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    Conquering a land and people is not about legitimacy. It's about power. That's the way it was. No one can change what happened.[/quote]

    Agreed. However, "giving" implies legitimacy of some sort. Esp. when its "giving" rights and sovereignty. Hence why its, at best, a very non-standard usage when applied to preexisting sovereignty, rights or ownership. You can't "give" something to someone when its not legitimately yours to give, particularly when the one you are "giving" to already had legitimate possession.

    Two wrongs don't make something ok, much less right. The fact that they may have used power illegitimately does not mean that its ok if we turned around and did the same thing.

    Doesn't make it right. One's own bullying is not justified simply because one was bullying a smaller bully.

    And I am not concerned so much for the Indians as i am for our own views of rights and sovereignty. It is inconsistent and dangerous to claim inalienable rights and sovereignty based on the voice of the people while denying such to other people. Such a double standard is too likely to erode our own liberties to let it pass.

    Might is part of reality, but might does not make right.
     
  18. carpro

    carpro Well-Known Member
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    I am not a nation nor a people and this is not 150 years ago.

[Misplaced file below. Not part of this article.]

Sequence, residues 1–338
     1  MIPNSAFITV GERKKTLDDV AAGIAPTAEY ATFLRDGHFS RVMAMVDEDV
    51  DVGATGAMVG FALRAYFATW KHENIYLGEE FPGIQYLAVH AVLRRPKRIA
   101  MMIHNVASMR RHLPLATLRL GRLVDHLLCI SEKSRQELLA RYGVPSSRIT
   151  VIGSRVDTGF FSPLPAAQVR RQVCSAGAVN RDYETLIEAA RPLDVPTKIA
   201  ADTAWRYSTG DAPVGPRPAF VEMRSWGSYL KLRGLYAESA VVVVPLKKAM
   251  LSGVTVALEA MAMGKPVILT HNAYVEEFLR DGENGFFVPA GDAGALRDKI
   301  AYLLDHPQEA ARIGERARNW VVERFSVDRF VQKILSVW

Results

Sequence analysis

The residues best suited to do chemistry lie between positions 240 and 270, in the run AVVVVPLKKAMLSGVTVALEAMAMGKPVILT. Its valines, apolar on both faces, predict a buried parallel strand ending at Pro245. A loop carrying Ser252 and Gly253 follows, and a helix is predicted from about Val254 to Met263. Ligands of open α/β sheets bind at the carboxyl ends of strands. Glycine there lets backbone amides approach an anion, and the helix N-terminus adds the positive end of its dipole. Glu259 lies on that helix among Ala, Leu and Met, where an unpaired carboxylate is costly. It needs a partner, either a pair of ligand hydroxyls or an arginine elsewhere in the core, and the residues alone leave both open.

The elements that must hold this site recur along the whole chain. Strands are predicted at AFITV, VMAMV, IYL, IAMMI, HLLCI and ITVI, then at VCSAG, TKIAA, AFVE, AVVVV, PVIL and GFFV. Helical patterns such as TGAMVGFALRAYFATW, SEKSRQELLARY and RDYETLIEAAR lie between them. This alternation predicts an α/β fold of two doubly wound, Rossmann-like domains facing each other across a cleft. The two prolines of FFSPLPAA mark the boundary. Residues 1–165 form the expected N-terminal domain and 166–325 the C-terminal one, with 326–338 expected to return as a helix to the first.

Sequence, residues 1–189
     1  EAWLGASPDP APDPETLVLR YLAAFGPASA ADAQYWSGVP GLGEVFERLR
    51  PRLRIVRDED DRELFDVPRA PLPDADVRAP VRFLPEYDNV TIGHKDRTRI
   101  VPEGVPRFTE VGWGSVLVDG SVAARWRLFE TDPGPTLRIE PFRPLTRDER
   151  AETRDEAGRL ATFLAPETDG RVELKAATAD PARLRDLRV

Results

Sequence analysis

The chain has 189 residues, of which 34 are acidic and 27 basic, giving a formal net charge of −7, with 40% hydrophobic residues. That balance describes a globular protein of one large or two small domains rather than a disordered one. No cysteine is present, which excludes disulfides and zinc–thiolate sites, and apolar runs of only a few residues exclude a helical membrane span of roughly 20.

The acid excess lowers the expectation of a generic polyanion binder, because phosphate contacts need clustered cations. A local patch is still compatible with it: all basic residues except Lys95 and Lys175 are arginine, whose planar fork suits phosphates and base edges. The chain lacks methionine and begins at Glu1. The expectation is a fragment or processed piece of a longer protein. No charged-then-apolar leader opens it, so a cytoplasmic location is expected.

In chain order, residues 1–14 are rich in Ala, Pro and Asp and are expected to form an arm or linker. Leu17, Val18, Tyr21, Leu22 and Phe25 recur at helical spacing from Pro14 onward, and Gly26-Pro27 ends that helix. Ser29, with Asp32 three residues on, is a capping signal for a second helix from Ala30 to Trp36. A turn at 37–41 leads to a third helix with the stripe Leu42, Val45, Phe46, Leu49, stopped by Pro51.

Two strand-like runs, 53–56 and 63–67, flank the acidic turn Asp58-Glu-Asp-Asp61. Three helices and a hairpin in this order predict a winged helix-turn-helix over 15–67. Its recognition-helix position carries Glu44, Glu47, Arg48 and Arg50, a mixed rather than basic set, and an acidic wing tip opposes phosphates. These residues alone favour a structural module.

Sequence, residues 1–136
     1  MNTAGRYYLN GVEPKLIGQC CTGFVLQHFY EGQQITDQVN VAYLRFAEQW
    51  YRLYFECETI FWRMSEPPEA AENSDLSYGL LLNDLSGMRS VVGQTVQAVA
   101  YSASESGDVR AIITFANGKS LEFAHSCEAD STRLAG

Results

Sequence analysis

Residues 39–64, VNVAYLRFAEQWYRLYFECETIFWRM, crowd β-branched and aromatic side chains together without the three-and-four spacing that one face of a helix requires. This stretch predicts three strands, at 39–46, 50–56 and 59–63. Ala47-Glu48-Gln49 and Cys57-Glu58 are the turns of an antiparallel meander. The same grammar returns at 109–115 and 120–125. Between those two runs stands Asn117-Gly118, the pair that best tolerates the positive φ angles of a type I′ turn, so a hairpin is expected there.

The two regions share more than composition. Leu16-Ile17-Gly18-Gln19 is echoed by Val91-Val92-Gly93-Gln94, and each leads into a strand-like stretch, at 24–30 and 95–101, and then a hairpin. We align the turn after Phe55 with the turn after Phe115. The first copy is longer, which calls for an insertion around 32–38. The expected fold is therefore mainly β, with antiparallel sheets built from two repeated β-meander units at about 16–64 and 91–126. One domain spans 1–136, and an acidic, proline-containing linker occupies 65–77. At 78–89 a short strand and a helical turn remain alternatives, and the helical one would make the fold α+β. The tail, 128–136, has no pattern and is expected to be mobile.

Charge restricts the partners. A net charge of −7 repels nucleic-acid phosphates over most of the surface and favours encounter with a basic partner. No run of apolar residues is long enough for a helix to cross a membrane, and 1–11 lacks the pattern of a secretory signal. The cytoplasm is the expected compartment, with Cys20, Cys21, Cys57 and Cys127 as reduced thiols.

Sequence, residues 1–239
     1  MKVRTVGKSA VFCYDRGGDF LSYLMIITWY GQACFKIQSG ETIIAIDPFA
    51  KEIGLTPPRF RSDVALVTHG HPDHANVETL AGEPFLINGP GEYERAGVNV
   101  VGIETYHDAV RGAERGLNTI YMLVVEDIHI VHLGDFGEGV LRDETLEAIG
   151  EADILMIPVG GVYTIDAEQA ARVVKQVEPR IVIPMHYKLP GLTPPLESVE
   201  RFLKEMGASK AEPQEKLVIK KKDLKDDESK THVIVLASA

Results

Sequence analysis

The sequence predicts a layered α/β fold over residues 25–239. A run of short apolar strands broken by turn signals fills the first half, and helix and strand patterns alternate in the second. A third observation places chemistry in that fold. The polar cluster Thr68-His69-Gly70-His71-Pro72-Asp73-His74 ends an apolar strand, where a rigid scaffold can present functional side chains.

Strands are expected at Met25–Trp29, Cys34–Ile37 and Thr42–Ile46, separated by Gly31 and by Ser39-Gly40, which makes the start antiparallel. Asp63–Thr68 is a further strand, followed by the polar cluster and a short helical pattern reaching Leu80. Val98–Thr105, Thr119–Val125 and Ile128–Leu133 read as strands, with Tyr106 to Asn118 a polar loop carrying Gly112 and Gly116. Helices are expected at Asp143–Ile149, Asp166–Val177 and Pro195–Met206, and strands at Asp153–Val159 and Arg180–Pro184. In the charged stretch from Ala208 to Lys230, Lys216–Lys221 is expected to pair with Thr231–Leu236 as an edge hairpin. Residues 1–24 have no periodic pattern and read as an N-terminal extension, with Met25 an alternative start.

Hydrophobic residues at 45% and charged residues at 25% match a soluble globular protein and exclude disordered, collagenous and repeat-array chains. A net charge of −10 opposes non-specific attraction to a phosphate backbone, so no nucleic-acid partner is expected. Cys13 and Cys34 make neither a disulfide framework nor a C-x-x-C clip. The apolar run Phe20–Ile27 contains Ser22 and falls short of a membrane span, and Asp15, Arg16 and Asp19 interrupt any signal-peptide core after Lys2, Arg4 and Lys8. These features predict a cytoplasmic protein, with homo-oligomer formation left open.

19. carpro

    carpro Well-Known Member
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    Doesn't matter. Moralizing about something that happened over a hundred years ago and was an accepted practice at the time changes nothing.
     
  20. Don

    Don Well-Known Member
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    Semantics.

    For everyone, not just DW -- consider carefully.

    If I come in with a bigger army, and take your land, and your possessions, etc., etc. through force or sheer intimidation, and then I decide to leave you a little bit, when I could have taken it all, -- well, you could feasibly say that I did "give" it to you. By sovereignty of the power I have wielded, I have chosen to "give" you what was yours, instead of take it away from you -- which I could have done.

    Doesn't make it right; but no one's arguing whether it was right or not.

    And for the record, I agree: Might doesn't make right.